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Automatically retrieve received emails into Mail Apps
There's a nice way to get at your email instantly, so that less than a second after the mail is sent, it shows up in Mail.app. It's a bit complicated, though. If you can't get it to work, don't worry: someone will probably write a $10 shareware thingie to do this automatically. First, we need to make a script for checking mail. Put the following in ~/bin/check-mail:
#!/bin/sh
osascript -e 'tell application "Mail" to check for new mail'
Then do chmod 755 ~/bin/check-mail, and make sure the script works before you proceed. Next we'll need to open a port. We're lazy, so we'll just use the gopher port. Create the file /etc/xinetd.d/gopher with this in it:
service gopher 
{
  port = 70
  socket_type = stream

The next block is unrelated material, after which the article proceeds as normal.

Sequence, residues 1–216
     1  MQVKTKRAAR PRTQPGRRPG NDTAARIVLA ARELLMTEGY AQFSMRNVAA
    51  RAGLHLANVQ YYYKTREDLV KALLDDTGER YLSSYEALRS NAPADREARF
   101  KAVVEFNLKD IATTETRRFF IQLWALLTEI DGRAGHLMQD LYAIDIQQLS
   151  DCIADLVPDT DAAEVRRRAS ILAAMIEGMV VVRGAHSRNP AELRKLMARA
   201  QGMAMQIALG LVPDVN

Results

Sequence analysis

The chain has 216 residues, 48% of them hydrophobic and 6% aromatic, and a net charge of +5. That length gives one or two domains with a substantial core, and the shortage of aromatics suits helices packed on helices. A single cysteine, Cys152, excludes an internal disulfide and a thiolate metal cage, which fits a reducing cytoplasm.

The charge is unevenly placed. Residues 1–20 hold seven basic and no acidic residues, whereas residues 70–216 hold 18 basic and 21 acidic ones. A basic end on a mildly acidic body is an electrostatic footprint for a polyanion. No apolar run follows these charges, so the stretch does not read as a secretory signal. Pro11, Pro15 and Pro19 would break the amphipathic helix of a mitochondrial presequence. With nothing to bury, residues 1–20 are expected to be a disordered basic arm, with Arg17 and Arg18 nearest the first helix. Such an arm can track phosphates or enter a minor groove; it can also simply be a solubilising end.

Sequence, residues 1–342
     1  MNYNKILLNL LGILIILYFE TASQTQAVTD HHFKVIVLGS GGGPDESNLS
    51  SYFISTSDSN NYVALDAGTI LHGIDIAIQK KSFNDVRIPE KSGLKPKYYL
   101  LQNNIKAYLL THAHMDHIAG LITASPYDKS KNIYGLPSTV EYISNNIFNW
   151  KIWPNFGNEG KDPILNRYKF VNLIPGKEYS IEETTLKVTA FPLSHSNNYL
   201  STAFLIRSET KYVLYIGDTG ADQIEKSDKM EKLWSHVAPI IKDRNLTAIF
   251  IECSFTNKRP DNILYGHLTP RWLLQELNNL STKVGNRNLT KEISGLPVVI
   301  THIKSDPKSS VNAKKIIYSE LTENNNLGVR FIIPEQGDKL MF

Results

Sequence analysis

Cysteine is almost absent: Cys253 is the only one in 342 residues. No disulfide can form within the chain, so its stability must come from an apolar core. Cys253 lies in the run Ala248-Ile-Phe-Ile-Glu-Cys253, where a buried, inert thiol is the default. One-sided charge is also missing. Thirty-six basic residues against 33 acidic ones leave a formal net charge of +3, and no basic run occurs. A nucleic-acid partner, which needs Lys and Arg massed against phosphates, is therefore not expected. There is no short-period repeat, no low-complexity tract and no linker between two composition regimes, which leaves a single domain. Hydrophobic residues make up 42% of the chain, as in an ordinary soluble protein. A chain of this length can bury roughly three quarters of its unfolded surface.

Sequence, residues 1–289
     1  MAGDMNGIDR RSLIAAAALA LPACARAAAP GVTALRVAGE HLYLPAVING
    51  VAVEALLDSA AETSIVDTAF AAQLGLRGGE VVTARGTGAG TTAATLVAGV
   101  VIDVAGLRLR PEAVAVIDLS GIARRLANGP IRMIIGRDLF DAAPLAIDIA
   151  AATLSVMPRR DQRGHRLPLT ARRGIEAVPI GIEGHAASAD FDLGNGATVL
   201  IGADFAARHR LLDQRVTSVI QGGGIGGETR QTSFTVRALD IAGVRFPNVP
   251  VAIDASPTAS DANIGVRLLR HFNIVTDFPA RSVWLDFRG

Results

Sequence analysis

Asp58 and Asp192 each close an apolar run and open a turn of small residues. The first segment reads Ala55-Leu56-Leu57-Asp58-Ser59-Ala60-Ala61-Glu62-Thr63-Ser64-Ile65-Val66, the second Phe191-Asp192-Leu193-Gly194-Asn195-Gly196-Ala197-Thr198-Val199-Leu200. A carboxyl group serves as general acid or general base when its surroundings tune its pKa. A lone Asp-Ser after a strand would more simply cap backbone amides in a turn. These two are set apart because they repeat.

wait = no
  user = your_username
  server = /Users/your_username/bin/checkmail
}
Note that the {}'s have to be on separate lines. Then type sudo service gopher start. To see if this works, type telnet 127.0.0.1 70. The Mail application should go fetch your mail. Now for the juicy part: add this to your .procmailrc file (on the mail server):
:0c
| wget -T 5 -q http://your-home-ip:70/
With this in place, whenever you receive mail, Mail.app will immediately go fetch it. No need to keep hammering the server every five minutes. If you keep moving your computer around, you might find it helpful to get a hostname from dyndns.org.

[robg adds: I haven't tested this one...]
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Automatically retrieve received emails into Mail | 11 comments | Create New Account
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Automatically retrieve received emails into Mail
Authored by: nathanst on Nov 28, '03 12:01:27PM

Just thought I'd explain what this is doing, since the hint doesn't.

Gopher is a service that existed prior to the web that offered similar services, but without the ability to customize the interface with html. This hint sets up a gopher server on port 70 of your machine.